And I was nine years old and I was molested by one of my uncles. And I told my mom, and she didn't believe me, and I tried to commit suicide. And I took a lot of pills, but I noticed that with the pills or with the alcohol I can kind of escape all the pain that I was feeling. So eventually I did leave Indiana. I had my first son. But I moved here and I got married in 1979, and we were separated because I was 19 looking for love, looking for a father, looking for a husband. I was 19 and I married a man that was 42 years old, and he was very prominent in the area. And once leaving him and moving them back to Denver, you know, I was manipulated. There was a lot of other things involved. But he eventually got my son in his possession.

MARTIN: That's what I was going to ask.

Ms. COLEMAN: Kidnapped him basically. And I haven't seen them since. He was able to keep him in private schools and at that time I feel like because of my background and the issues of the whole family dynamic of what I come from, the dysfunction from generation to generation, I feel like he manipulated me, my mother, to you know, get control and do exactly what...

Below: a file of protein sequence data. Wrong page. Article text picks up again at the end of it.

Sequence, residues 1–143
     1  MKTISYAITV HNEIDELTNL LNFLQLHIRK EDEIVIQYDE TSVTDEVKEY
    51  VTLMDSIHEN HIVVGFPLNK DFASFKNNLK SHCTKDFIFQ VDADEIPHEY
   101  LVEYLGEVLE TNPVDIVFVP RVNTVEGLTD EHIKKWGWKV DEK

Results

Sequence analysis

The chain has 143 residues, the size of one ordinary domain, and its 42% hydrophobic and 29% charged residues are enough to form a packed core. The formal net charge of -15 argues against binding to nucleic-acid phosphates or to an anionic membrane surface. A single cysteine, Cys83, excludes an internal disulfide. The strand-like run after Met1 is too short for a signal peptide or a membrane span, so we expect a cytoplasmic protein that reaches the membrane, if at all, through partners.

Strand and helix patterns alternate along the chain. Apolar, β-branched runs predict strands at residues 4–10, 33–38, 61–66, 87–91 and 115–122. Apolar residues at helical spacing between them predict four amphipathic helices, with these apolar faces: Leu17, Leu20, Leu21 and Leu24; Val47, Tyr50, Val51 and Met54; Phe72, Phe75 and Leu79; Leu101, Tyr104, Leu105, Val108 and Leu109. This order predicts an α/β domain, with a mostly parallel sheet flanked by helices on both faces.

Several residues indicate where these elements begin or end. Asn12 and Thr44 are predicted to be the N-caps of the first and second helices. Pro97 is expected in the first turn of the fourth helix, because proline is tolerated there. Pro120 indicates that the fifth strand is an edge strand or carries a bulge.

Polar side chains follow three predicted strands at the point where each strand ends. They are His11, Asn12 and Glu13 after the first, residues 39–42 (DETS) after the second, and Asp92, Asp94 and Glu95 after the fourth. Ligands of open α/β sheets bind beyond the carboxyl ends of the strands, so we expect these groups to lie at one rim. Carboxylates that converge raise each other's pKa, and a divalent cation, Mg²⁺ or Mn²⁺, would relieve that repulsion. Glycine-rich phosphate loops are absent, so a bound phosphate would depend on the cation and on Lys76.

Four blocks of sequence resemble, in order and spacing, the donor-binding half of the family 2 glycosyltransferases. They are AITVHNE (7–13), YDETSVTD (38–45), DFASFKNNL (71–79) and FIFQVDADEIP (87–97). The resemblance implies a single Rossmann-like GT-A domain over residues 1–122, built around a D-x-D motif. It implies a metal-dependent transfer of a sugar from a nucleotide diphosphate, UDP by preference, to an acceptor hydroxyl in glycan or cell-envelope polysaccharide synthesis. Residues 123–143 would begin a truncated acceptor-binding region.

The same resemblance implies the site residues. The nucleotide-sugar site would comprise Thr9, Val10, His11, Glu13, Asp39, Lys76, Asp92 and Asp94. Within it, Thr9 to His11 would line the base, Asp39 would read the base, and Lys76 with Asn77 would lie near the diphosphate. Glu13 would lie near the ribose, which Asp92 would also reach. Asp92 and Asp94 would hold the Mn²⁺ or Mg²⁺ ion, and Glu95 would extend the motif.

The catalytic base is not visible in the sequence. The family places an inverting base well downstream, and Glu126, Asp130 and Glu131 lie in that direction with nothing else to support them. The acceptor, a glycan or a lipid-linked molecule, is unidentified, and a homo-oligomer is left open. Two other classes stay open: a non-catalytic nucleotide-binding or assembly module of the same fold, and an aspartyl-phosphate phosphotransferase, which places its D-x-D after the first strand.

MARTIN: You mean, you were living in Denver and he brought...

Ms. COLEMAN: I was living in Denver and I had my children with me and my mother had moved to Denver. And I was convinced to let him come and see the children. But while I wasn't in the home, he was taken out of home and given to him.

MARTIN: When was the last time you saw either of your children?

Ms. COLEMAN: I saw my oldest son at Christmas-time. I went to Nebraska to get my grandchildren. And I went to Colorado and I spent Christmas with my brothers and my sister and my two grandchildren and my oldest son, who the last few years we finally bonded, I have bonded, and became mother and son.

MARTIN: How many years was it between the time you saw him, between the time...